For the first time in recent years, more Americans are consuming wine over beer. I personally enjoy both. Wine, however, runs through my veins as my first taste of it was a red wine, probably Gallo from a jug mixed with water at 3 years old with the adults at some holiday gathering. In spite of this interesting statistic (maybe a bit boring too) even a few of my closest friends and family who are no strangers to wine, are unsure about what they like. I think this is because they think they “should” like something or “should not.”
They find wine intimidating. It is true that there is so much to learn about wine. At the end of the day, it is really meant to enjoy, and everyone’s enjoyment is completely subjective. Hopefully that is a relief to some of you!
I confess that I too once held stereotypes and perceptions of what I liked or “should” like. For example it took my Roman friends to get me to like and appreciate white wine. Two whites from the South of Italy, Falanghina and Greco di Tufo, changed my mind about white. Since then, I’ve tried many I have liked and still some that I do not. At least I keep an open mind.
So, how does one taste wine in a way that you can decide if it’s something you enjoy...or not? I took the plunge into the world of professional wine tasting through the International Sommelier Guild and quickly learned how to look at the wine, swirl it, gently at first as it takes practice, and then stick my not so small nose right in that glass and let my mind free associate with the aroma. Did I smell citrus or tropical fruits? Spices? Herbs? Or something entirely else.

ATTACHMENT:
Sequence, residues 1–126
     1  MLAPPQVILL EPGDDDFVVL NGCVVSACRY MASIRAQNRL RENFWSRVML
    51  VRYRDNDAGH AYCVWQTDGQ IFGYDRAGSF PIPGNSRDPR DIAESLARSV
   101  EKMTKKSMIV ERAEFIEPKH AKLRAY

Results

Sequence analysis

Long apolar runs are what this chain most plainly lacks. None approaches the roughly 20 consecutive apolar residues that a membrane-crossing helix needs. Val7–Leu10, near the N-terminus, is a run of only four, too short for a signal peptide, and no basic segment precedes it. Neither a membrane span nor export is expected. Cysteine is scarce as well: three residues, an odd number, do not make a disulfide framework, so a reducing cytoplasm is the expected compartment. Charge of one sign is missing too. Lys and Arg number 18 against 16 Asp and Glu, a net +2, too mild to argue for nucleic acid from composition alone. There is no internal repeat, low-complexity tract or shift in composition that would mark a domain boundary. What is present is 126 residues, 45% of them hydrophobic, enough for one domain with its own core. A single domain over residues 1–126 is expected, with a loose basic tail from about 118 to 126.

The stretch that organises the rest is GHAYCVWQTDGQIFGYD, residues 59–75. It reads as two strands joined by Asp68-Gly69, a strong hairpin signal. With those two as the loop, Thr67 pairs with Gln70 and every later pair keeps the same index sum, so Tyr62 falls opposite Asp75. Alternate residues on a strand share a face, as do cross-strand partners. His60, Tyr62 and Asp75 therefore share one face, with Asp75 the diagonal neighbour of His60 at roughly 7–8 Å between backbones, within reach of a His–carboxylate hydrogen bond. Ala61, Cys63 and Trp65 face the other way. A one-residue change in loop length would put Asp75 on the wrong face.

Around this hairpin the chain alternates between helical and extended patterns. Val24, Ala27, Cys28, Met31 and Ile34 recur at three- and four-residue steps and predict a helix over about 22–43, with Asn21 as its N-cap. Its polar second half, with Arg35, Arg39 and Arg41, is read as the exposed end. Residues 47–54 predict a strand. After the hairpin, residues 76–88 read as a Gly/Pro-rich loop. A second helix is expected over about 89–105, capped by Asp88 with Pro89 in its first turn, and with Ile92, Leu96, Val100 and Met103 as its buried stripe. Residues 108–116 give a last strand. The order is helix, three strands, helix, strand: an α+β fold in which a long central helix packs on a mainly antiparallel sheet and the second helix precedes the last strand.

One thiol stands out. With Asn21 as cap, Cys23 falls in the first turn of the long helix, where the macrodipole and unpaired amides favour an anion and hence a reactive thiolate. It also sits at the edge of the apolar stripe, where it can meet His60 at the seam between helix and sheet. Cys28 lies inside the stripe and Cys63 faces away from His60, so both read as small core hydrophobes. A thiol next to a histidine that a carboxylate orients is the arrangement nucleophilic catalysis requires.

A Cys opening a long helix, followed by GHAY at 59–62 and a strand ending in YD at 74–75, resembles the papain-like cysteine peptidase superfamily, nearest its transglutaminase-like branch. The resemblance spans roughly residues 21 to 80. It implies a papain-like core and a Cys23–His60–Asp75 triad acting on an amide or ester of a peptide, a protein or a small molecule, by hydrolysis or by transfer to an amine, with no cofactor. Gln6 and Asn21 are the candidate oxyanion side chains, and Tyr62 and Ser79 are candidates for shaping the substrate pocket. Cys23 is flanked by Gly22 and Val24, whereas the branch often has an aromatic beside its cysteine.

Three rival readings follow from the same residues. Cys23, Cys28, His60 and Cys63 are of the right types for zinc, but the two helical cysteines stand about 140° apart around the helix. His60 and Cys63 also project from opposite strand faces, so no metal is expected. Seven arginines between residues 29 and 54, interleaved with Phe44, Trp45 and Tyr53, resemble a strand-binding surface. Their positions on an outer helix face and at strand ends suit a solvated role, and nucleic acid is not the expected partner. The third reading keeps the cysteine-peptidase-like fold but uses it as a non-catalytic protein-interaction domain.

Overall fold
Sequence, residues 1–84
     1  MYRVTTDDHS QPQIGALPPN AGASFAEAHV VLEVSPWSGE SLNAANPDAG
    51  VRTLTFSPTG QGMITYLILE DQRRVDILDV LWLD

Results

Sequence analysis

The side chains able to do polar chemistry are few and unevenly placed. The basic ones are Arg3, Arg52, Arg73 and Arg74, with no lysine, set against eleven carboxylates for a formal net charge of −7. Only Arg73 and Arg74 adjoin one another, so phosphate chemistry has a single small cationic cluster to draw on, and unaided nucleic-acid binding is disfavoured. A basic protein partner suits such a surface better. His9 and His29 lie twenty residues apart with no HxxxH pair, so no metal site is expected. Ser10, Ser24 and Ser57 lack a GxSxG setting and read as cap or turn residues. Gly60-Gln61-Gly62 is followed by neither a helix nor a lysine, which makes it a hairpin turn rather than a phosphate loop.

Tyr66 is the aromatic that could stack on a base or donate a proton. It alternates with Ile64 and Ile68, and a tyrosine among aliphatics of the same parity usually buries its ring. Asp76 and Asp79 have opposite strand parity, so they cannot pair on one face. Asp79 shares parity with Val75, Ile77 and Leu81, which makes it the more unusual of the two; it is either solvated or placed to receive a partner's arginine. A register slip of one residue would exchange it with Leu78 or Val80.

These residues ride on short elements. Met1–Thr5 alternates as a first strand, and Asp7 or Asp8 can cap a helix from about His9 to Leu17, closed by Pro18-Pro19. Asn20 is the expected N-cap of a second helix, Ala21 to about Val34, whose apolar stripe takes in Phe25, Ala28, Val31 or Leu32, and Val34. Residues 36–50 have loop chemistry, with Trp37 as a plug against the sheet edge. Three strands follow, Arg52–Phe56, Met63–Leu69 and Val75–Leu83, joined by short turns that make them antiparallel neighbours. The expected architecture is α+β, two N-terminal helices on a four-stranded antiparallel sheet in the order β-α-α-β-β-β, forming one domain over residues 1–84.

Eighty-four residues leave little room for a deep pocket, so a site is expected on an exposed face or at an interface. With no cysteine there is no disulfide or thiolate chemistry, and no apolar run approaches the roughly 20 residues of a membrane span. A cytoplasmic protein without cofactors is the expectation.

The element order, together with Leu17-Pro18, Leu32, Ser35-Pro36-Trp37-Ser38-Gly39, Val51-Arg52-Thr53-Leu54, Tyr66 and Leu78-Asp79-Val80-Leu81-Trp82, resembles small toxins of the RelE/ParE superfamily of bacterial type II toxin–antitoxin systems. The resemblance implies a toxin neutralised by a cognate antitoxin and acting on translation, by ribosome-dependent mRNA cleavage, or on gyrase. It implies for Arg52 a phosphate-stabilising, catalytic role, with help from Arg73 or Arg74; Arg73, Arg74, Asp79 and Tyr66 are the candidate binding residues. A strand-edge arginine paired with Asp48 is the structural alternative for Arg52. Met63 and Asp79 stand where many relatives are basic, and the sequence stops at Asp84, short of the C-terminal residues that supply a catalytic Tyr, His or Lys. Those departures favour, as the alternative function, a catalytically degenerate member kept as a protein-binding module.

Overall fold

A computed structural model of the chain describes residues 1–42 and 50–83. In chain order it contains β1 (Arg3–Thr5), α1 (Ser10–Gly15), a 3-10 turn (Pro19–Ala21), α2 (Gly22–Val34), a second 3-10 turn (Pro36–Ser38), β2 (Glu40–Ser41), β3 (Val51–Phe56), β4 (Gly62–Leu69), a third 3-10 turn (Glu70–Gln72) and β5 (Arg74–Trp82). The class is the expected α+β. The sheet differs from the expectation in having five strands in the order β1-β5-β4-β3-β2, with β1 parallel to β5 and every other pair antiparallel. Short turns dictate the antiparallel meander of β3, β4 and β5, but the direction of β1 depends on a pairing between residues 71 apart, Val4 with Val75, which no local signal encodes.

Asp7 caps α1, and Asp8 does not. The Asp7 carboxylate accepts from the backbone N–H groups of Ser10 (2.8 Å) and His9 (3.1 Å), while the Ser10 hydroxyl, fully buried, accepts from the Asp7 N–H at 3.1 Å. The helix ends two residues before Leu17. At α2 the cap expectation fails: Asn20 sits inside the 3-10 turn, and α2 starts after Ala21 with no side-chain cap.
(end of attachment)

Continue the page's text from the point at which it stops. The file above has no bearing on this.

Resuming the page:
I learned to swirl again and then took a small sip, loudly swished it around my tongue and coated my gums. Did I make the same conclusions with my taste buds as I did when I sniffed it?
I also learned about countries, dozens of different grapes, regions, towns, weather, soil, laws and more.
Fortunately, the vast majority of you do not need to!
Here are some tips to tasting wine and still enjoy it and not feel like you need to analyze that grape juice.
Have the server (or you) pour just a finger’s width in the glass. Swirl it gently first as this allows oxygen to interact with the wine and brings out its aroma.
Don’t worry about appearances and right after you swirl and the wine is still moving, stick your nose somewhat in the glass and breathe deeply. Just think about what kind of fruit the wine resembles. Is it citrus, tree fruit (cherry, plum), or maybe berry like? Do you smell anything else? Wet stone? dirt? Mushroom? Grass? Plastic? There is no wrong answer!
Now the best part: Sip it! Go for it. Swish it around in your mouth, maybe even through your teeth, the idea being to coat all of your tongue. Don’t be ashamed if a drop trickles out. What kinds of fruit does it resemble? Perhaps you taste something else. It’s all pretty subjective especially when you are just starting out.
There is so much more to mention, but for now that’s enough of a tip to impress your just as nervous friends about wine as you friends.
As they say in Italy when they toast...Cin Cin!